Oil Field Worker Struck By Pump Jack Head

A 24-year-old floor hand died from massive chest trauma from a falling pump jack head.

What happened?

The victim and three co-workers were working to replace the downhole pump, which required removal of the horsehead. As the workers attempted to secure the winch line to the horsehead, the line caught the horsehead jack screw and pulled the head off the walking beam of the pump jack.

The falling horsehead struck the victim in the chest and also struck another floor hand, causing a nonfatal head injury. The victim died 28 days later as a result of his injuries.

Why it happened

The horsehead was not secured to the walking beam with a properly installed clamp bolt.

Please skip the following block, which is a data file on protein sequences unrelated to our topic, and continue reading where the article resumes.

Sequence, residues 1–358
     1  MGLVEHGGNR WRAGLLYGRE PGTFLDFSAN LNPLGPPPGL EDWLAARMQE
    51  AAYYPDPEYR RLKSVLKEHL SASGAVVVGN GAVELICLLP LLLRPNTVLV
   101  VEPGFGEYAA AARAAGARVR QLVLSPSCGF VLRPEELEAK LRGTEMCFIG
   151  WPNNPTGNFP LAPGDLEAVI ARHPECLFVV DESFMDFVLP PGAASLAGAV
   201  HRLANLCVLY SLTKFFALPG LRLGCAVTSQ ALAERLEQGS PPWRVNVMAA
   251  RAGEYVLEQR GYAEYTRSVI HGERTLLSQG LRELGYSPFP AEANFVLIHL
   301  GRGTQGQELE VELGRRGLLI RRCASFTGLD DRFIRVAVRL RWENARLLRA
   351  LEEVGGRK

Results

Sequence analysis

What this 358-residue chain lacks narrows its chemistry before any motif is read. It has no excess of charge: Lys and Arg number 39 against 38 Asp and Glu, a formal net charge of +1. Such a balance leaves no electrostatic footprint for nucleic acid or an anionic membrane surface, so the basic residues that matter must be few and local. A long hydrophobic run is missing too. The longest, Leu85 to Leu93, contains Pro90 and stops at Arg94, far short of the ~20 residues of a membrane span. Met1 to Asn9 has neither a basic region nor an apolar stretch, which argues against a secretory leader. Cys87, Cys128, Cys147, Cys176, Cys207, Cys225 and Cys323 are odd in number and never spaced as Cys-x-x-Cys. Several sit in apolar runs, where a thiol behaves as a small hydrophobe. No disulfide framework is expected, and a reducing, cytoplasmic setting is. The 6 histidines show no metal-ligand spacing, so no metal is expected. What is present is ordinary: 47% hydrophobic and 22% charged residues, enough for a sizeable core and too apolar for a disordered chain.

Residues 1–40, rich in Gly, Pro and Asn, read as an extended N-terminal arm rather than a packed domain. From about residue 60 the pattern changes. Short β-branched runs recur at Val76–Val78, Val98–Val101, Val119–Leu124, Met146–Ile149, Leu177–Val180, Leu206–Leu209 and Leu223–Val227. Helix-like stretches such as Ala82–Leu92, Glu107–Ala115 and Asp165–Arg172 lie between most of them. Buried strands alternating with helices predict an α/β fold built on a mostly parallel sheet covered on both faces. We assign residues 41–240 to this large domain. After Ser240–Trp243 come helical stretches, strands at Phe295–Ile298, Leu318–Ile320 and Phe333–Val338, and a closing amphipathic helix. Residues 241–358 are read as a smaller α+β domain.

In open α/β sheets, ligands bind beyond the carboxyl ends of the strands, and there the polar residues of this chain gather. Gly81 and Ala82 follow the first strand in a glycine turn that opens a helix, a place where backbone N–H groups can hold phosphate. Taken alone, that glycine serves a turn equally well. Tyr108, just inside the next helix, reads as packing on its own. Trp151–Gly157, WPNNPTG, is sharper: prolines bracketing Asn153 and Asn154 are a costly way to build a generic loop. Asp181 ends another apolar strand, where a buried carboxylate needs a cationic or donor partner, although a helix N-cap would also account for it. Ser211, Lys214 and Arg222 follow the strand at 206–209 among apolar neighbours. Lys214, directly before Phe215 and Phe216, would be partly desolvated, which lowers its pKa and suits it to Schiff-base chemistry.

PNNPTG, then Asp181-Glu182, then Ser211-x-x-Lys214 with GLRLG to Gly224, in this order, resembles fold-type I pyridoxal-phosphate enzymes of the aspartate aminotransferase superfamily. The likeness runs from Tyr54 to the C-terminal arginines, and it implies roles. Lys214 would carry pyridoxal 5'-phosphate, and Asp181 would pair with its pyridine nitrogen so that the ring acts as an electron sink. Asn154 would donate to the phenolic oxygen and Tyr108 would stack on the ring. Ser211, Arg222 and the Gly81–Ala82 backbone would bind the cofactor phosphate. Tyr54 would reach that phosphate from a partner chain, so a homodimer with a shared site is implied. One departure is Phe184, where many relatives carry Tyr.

Don’t let it happen to you

Investigators concluded that, in order to prevent similar incidents, employers should:

  • Ensure that the pumping unit horsehead is tightened, locked and/or latched securely in place with properly installed jack screws and clamp bolt.
  • Use tag lines to position the horsehead when removing or lowering, and to keep personnel clear of the suspended load.
  • Develop written safety procedures for securing and removing well parts using the hoisting system to reduce the chance of fall, overhead and struck-by hazards during maintenance and servicing.
  • Ensure that all employees are trained to recognize and control associated hazards.
  • Develop a system to monitor activities and assure the safe operation of machinery and equipment on jobsites.